Allow me at this point to address all the people reading this piece yelling: “So what? People should have encrypted their Wi-Fi networks.” First, I agree of course that people should encrypt their Wi-Fi networks – As a privacy advocate it would be folly for me to suggest otherwise. But as always these issues are not so simple. The vast majority of the general population are not technical experts, they have no understanding of what encryption is nor how their Wi-Fi networks work; they just plug them in and use them. This is not something we have a right to criticise - it is the nature of the real world in which we live and just because that data is exposed it certainly doesn't give anyone the right to exploit the situation.

Back to the matter at hand. We were convinced that this could not be set aside as accidental, but at the same time when taking on a behemoth such as Google it is important to get it right, so we felt we needed more evidence before taking any direct action.

Then on June 3rd 2010 as a result of ongoing class action suits in the US it emerged that Google had filed a patent application for similar technology in 2008, this reinforced our opinion that this could not have been rogue code. In order for a patent application to be filed, it seemed obvious to us that Google's legal department would have had to review the technology and submit the application. This also would suggest that the project had been funded which in itself would require the attention of managers, designers, developers and testers.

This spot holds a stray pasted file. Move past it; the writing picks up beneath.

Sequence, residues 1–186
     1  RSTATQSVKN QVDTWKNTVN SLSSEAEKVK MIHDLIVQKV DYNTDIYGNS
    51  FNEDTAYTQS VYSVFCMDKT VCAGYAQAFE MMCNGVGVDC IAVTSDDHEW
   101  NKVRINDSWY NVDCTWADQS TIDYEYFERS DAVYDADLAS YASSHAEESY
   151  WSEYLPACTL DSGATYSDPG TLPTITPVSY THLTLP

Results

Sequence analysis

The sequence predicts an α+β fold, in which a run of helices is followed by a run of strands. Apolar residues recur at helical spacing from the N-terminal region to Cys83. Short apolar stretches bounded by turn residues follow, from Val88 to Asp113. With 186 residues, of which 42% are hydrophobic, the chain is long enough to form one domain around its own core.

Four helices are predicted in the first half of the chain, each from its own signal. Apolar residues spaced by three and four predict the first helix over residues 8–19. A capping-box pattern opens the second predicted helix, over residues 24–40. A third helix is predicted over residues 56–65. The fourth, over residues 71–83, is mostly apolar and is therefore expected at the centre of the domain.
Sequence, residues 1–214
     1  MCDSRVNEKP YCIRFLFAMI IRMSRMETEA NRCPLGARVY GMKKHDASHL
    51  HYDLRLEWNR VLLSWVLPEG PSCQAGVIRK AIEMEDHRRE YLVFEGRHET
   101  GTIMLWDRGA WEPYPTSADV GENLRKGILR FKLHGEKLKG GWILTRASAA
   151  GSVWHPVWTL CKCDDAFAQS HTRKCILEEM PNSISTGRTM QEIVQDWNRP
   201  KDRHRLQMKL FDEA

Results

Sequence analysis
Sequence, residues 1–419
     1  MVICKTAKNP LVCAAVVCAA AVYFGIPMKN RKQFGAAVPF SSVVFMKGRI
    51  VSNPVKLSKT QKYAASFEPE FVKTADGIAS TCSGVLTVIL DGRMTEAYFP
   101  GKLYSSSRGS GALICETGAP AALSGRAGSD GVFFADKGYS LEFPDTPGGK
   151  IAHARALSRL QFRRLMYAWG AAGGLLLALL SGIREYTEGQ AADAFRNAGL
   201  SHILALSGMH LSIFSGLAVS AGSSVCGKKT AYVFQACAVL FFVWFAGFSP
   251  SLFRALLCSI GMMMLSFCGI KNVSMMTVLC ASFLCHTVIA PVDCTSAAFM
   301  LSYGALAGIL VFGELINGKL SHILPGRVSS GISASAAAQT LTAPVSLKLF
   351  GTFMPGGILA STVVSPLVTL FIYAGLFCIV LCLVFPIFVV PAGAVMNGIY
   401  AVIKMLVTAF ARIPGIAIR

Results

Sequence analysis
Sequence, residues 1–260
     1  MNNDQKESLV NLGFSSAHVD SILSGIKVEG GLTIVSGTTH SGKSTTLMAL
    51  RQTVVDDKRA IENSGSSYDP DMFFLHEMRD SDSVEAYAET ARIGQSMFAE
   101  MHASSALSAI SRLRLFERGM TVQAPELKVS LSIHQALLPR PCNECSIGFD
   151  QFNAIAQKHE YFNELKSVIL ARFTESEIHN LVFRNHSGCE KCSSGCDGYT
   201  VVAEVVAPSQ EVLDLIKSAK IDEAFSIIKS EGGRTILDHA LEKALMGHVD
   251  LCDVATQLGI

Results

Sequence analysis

We had further discussions with our legal advisers and felt this latest information strengthened our case but we wanted to take a few days to decide what we were going to do. Before we had a chance to make that decision, Google made it for us.

On 9th June 2010 an independent audit of the software was released which clearly showed that this data had been processed in a deliberate manner. Google's software was not just sucking up all this Wi-Fi data and archiving it to disk, it was treating encrypted and unencrypted data differently.

The encrypted data is useless to Google. The company can't read it and therefore has no use for it, so it was discarded. However, the unencrypted data which Google has admitted to grabbing contains emails and information on web browsing and other internet activities does have a real commercial value attached to it, and Google saved that data to disk. This deliberate processing is a clear example of intent to process and indeed proves the data was actually processed in a non-arbitrary manner.